also, he came. From the outset Mr. Wace made copious
notes, and it was due to his scientific method that the relation
between the direction from which the initiating ray entered the
crystal and the orientation of the picture were proved. And, by
covering the crystal in a box perforated only with a small aperture
to admit the exciting ray, and by substituting black holland
for his buff blinds, he greatly improved the conditions of
the observations; so that in a little while they were able to survey
the valley in any direction they desired.
So having cleared the way, we may give a brief account of
this visionary world within the crystal. The things were in all
cases seen by Mr. Cave, and the method of working was invariably
for him to watch the crystal and report what he saw, while
Mr. Wace (who as a science student had learnt the trick of
writing in the dark) wrote a brief note of his report. When the
crystal faded, it was put into its box in the proper position and
the electric light turned on. Mr. Wace asked questions, and
suggested observations to clear up difficult points. Nothing, indeed,
could have been less visionary and more matter-of-fact.
The attention of Mr. Cave had been speedily directed to the
bird-like creatures he had seen so abundantly present in each
of his earlier visions. His first impression was soon corrected,
and he considered for a time that they might represent a
diurnal species of bat. Then he thought, grotesquely enough,
that they might be cherubs. Their heads were round, and curiously
human, and it was the eyes of one of them that had so
startled him on his second observation. They had broad, silvery
wings, not feathered, but glistening almost as brilliantly as
new-killed fish and with the same subtle play of colour, and
these wings were not built on the plan of bird-wing or bat, Mr.
Wace learned, but supported by curved ribs radiating from the
body. (A sort of butterfly wing with curved ribs seems best to
express their appearance.) The body was small, but fitted with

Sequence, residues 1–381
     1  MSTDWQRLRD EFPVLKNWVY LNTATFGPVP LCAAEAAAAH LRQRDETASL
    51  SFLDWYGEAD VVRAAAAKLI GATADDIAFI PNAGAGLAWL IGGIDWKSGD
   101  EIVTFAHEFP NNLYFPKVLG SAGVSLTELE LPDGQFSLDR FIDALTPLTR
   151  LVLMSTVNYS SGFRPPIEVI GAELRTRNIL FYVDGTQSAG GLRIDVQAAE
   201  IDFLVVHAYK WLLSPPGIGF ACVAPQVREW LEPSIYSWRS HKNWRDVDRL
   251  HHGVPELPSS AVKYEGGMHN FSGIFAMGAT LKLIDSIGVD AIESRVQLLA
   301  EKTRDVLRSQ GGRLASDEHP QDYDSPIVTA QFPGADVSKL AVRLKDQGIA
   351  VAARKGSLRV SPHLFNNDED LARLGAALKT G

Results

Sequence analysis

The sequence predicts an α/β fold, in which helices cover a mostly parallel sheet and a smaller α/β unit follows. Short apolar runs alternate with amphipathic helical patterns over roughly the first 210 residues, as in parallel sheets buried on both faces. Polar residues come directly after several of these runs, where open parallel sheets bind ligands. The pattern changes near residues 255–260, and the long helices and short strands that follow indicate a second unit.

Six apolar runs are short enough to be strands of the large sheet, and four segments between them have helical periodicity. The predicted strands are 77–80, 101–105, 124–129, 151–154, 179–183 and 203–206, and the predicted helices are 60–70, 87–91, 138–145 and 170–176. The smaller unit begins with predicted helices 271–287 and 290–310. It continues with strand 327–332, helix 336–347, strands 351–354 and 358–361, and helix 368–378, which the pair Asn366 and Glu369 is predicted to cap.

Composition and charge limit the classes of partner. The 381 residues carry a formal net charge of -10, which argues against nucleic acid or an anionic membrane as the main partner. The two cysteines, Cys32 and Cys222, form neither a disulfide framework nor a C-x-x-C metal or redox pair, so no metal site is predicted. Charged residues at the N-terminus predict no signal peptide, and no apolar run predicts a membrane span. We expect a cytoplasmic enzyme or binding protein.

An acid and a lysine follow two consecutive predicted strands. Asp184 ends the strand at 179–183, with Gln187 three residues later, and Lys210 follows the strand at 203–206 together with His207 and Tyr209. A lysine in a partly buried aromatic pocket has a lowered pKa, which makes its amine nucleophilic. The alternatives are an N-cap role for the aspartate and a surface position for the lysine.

two bunches of prehensile organs, like long tentacles, immediately
under the mouth. Incredible as it appeared to Mr. Wace,
the persuasion at last became irresistible, that it was these
creatures which owned the great quasi-human buildings and
the magnificent garden that made the broad valley so splendid.
And Mr. Cave perceived that the buildings, with other peculiarities,
had no doors, but that the great circular windows, which
opened freely, gave the creatures egress and entrance. They
would alight upon their tentacles, fold their wings to a smallness
almost rod-like, and hop into the interior. But among them
was a multitude of smaller-winged creatures, like great
dragon-flies and moths and flying beetles, and across the
greensward brilliantly-coloured gigantic ground-beetles
crawled lazily to and fro. Moreover, on the causeways and
terraces, large-headed creatures similar to the greater winged
flies, but wingless, were visible, hopping busily upon their
hand-like tangle of tentacles.
Allusion has already been made to the glittering objects upon
masts that stood upon the terrace of the nearer building. It
dawned upon Mr. Cave, after regarding one of these masts
very fixedly on one particularly vivid day, that the glittering object
there was a crystal exactly like that into which he peered.
And a still more careful scrutiny convinced him that each one
in a vista of nearly twenty carried a similar object.
Occasionally one of the large flying creatures would flutter
up to one, and, folding its wings and coiling a number of its
tentacles about the mast, would regard the crystal fixedly for a
space,—sometimes for as long as fifteen minutes. And a series
of observations, made at the suggestion of Mr. Wace, convinced
both watchers that, so far as this visionary world was
concerned, the crystal into which they peered actually stood at
the summit of the endmost mast on the terrace, and that on
one occasion at least one of these inhabitants of this other
world had looked into Mr. Cave's face while he was making
So much for the essential facts of this very singular story.
Unless we dismiss it all as the ingenious fabrication of Mr.
Wace, we have to believe one of two things: either that Mr.
Cave's crystal was in two worlds at once, and that, while it was
carried about in one, it remained stationary in the other, which
seems altogether absurd; or else that it had some peculiar relation
of sympathy with another and exactly similar crystal in
this other world, so that what was seen in the interior of the
one in this world was, under suitable conditions, visible to an
observer in the corresponding crystal in the other world;
and vice versa. At present, indeed, we do not know of any way
in which two crystals could so come en rapport, but nowadays
we know enough to understand that the thing is not altogether